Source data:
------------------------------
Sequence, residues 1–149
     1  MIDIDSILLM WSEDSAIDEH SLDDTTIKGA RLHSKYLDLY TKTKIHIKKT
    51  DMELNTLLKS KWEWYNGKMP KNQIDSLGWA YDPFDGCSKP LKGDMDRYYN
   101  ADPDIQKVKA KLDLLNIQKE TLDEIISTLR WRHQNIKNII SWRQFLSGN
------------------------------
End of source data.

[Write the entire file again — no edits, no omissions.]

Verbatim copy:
Sequence, residues 1–149
     1  MIDIDSILLM WSEDSAIDEH SLDDTTIKGA RLHSKYLDLY TKTKIHIKKT
    51  DMELNTLLKS KWEWYNGKMP KNQIDSLGWA YDPFDGCSKP LKGDMDRYYN
   101  ADPDIQKVKA KLDLLNIQKE TLDEIISTLR WRHQNIKNII SWRQFLSGN